The Java Messaging System, JMS, provides a cross platform standard for asynchronous communication of business data and
events across the enterprise. The communication is typically across processes and machines. Objects in applications,
typically running on different machines, communicate by accessing the services of the message-oriented middleware (MOM)
through a standard set of interfaces defined through the JMS.
JMS provides a set of interfaces that isolate the Java programmer (implementing the message producers and consumers)
from the MOM providers.
This content page describes the key concepts and the typical use of JMS.
A message is a self-contained package of business data. It has three compartments:
Header: Contains network routing information and message identifiers.
Properties: Contains meta-data for the message. JMS dictates some of the properties, but application
programmers can also add their own.
Payload: Contains the actual business data. The payload is entirely controlled by the application
In JMS, the message is encapsulated in an object that implements the interface javax.jms.Message. A Java program
can access the compartments thorough this interface, as shown in the following diagram. The payload comes in several
variations, discussed later.
The header contains properties of the message that must always be there. The following properties are available
from the header:
The properties can be used by the application programmer to provide meta-data for the message. The properties
consist of an arbitrary set of name-value-pairs.
There are six kinds of payloads supported by JMS:
Message (no body present)
Types of payloads are reflected in the class hierarchy where interfaces extend the javax.jms.Message. In the
following class diagram, we show the frequently used text, object, and bytes messages. Text messages are commonly the
carriers of XML data.
JMS defines the concept of a destination. Messages are sent to and received from destinations. Destinations come in two
Queues are message destinations used when messages are handled by only one receiver. Imagining that the messages
are similar to sending snail-mail, the queues are mailboxes owned by a particular recipient. Communication using queues
is called point-to-point communication.
Topics are message destinations used when messages need to be received by multiple receivers, each of which
express an interest in receiving a particular kind of message. Using the analogy with snail-mail again, one may think
of this as writing an article in a newspaper; one message is read by any number of receivers. We often refer to this
kind of design as the publish-and-subscribe model.
The delivery of messages can be performed in two ways:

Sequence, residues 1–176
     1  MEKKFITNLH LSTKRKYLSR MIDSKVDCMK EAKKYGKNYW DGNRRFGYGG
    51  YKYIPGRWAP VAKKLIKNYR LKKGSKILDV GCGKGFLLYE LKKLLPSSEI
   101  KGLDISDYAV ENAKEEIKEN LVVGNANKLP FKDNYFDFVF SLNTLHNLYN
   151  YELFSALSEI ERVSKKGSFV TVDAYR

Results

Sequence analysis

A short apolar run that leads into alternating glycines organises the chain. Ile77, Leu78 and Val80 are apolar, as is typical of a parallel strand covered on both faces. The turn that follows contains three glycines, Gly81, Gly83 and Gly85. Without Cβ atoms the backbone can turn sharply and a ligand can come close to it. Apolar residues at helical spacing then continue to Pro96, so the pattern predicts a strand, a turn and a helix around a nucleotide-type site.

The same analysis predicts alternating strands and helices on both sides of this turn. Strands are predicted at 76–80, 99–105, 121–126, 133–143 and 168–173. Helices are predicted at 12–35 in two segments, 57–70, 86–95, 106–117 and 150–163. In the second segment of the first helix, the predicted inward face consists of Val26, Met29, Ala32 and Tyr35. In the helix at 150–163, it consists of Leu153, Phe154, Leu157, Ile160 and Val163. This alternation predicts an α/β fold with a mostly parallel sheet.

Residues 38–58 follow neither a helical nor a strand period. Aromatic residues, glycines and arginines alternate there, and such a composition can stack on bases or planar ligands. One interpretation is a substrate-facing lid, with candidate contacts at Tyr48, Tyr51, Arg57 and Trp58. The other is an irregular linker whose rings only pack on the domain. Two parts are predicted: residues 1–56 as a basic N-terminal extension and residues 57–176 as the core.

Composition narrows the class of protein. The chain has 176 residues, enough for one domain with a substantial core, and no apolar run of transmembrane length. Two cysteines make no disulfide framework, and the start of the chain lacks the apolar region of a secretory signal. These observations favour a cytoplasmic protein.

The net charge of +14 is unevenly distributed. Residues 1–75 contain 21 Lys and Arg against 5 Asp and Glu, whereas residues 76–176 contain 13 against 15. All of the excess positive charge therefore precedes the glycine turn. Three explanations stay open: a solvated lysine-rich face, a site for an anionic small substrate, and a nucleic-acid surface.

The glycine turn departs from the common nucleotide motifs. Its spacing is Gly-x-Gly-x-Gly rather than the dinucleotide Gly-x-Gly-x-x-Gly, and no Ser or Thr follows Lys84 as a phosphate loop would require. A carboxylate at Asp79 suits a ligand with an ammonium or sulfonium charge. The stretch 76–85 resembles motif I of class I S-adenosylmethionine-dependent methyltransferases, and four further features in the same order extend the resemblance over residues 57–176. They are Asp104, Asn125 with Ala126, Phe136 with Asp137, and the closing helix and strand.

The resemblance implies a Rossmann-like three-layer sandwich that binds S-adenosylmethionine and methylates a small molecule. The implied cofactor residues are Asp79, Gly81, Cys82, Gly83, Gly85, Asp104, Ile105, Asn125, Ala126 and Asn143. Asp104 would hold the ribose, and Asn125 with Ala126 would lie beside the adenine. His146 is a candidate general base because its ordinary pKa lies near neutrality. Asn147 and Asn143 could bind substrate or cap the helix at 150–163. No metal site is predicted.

The persistent delivery includes storage of the message into a file or a database, which enables guaranteed delivery.
Non-persistent delivery improves performance and reduces storage overhead, but there is no guarantee that the message
will be delivered. For most applications that use JMS, persistent delivery is the commonly chosen way.
JMS clients are Java objects that use JMS. There are two roles defined:
Message producers: Java programs that create and send messages.
Message consumers: Java programs that receive messages.
The following diagram is an overview of how producer, consumers and JMS providers
A message producer can be any Java class that has access to a JMS implementation. The message producers create and send
A message consumer can be any Java class that has access to a JMS implementation. The message consumers receive and
A JMS client uses a set of interfaces to access JMS. The objects that implement the JMS interfaces are created through
a set of factories. The initial factory is the ConnectionFactory. The connection factory is looked up through
JNDI. The JMS client uses the connection factory to create connection object. The connection object is used to create a
session object, which is used as a factory for the other JMS objects. The following figure illustrates the key
conceptual relationships between the factories, abstracting from the details of queues and topics.
Connection factories, connections and sessions come in two forms: one for queues and the other one for topics. The
class diagram below shows the interface hierarchy for key JMS concepts.
A JMS Provider is an implementation that satisfies the JMS specification. The JMS provider is responsible for
receiving, persisting and delivering messages.
For more information on JMS, visit http://java.sun.com/products/jms/.